The coalition introduced, in two stages, a dental program to help people whose health was affected by bad teeth. The whole business of dental care needs to be handled by one or the other levels of government—either all by the state or all by the Commonwealth—or it needs to be very carefully segmented. You cannot have bits and pieces here and there, because inevitably, when you go down that route, some people miss out. Under the coalition government’s program, which had really only just got started, $41.4 million was to be spent in the first year. Over four years it was to be $377 million, and the current government projected forward another year for a five-year program of $491 million—which is amazingly close to the cost of the teen dental component of the government’s overall program.

I do not knock the idea of helping teenagers to have good dental health albeit that this is confined to a certain extent by means testing. What does it deliver when you really get down to the nitty-gritty of it? You receive a voucher, you go to a dentist and you can get up to $150 worth of work done. In one sense this is commendable—everyone in that category, if they want to take it up, will be able to get an assessment done. But that is all they will get. They may get a cleaning and scaling of their teeth but that is all that they will get. It is estimated that some dentists charge up to $190 for a first comprehensive assessment, so $150 is at the lower end of the spectrum. So those children or young people will get their dental assessment, but if the family cannot afford dental care and cannot get into a dental hospital in their state then where do they go from there? What has the net advantage been for anyone? The assessment could say, ‘You’ve got to have four teeth seen to,’ but mum might say, ‘We can’t afford it.’ So you have a $150 assessment and nothing else.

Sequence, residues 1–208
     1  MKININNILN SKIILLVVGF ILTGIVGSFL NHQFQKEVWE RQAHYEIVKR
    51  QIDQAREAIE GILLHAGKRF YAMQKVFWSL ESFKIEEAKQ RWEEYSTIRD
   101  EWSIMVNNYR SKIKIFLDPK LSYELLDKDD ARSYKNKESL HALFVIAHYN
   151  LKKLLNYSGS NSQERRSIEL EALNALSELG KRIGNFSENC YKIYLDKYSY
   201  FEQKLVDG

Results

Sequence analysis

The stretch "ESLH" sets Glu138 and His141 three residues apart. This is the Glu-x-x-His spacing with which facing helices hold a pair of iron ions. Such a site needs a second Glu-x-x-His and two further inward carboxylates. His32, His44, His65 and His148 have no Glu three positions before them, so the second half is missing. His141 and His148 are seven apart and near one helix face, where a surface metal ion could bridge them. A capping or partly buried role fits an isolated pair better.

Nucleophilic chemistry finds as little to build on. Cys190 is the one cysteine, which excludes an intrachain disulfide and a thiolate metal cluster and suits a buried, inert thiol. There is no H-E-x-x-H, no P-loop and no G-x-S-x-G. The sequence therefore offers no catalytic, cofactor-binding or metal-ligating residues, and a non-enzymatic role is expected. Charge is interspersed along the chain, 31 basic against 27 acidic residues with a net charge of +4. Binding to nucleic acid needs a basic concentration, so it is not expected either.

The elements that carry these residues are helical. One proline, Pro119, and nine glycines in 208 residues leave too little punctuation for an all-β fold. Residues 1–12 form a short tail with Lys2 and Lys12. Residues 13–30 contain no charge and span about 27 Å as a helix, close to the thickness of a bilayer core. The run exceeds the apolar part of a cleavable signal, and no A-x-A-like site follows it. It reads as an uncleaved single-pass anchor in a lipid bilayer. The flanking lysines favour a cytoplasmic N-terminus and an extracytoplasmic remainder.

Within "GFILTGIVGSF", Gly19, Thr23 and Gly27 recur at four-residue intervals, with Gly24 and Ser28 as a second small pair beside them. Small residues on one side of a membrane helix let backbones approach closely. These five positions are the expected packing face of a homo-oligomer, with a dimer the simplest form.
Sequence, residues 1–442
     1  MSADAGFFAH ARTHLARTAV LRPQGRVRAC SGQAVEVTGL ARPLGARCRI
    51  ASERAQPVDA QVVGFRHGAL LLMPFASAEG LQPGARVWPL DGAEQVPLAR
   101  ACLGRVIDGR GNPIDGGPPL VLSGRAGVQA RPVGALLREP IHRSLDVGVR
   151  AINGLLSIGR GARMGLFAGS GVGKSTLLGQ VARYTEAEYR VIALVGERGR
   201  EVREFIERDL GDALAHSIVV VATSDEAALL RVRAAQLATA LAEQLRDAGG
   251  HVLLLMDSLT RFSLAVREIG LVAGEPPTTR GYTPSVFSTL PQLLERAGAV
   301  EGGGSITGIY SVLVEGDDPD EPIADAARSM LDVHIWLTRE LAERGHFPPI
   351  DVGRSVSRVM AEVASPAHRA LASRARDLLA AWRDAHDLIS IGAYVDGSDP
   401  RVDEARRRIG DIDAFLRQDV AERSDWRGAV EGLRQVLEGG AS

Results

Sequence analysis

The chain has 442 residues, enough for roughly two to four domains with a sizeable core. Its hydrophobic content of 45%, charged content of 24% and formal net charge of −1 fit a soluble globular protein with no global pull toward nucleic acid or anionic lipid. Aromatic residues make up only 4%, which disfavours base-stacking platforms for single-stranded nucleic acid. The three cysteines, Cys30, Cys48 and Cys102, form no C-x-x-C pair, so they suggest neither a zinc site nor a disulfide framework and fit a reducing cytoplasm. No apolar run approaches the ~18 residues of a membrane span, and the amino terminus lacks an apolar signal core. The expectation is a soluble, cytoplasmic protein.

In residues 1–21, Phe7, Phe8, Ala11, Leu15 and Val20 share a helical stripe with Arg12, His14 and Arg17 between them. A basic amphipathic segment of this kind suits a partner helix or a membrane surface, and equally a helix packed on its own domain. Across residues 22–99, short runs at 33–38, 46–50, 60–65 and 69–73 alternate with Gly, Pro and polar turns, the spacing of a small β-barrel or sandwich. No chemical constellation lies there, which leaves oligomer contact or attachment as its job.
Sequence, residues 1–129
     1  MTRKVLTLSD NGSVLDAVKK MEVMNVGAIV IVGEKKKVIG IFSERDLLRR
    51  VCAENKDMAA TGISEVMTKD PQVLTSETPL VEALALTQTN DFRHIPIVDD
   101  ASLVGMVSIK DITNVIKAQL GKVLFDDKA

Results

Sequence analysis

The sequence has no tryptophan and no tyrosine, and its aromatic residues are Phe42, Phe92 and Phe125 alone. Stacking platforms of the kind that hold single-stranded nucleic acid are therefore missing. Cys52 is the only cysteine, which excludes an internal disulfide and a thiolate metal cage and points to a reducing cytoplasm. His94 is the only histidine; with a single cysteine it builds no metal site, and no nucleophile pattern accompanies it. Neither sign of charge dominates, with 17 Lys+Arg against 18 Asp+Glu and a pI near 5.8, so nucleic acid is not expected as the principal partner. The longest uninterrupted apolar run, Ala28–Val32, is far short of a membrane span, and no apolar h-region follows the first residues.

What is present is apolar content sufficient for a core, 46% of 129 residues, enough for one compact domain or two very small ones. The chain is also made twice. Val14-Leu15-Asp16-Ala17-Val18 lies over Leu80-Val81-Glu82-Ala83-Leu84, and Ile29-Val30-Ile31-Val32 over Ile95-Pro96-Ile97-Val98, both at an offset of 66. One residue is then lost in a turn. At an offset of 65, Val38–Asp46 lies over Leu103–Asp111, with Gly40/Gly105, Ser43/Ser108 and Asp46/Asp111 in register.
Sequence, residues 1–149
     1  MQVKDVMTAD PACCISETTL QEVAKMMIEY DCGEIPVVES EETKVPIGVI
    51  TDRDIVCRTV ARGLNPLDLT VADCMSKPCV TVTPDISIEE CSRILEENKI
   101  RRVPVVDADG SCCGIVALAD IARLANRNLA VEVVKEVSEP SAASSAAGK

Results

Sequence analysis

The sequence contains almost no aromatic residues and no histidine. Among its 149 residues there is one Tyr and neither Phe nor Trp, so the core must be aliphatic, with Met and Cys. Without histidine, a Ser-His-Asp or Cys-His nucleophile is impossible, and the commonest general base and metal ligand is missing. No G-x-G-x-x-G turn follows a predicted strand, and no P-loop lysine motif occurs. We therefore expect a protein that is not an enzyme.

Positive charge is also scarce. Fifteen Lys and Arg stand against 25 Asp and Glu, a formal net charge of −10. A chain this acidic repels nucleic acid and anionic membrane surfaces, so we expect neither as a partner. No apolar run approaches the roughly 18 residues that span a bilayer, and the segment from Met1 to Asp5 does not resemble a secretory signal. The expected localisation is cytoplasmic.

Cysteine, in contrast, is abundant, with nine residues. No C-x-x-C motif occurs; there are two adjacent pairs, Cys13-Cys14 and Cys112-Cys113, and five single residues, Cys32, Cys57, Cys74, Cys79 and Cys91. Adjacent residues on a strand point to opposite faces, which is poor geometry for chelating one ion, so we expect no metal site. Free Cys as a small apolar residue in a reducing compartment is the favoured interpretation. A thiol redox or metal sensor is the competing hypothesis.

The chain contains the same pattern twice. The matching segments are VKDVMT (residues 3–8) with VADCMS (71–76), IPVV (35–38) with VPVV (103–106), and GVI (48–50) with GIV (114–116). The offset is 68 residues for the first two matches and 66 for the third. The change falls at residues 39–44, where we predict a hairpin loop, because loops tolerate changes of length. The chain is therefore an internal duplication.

As I said, this plan is commendable in one sense, but if it had included, say, two occasions of service—or even just one occasion of service—then a kid with a broken tooth, an abscessed tooth or whatever it might be could at least be treated for those particular immediate ailments. I have heard the government tonight talking about people being in desperate pain. My understanding of it is that all state dental hospitals are supposed to see people with acute pain immediately, and if that is not happening then they as members of parliament should be doing something about it; because, let me tell you, even though I am a federal member, if I see something unfair happening at the state level then I am not frightened to step in—not frightened for a second.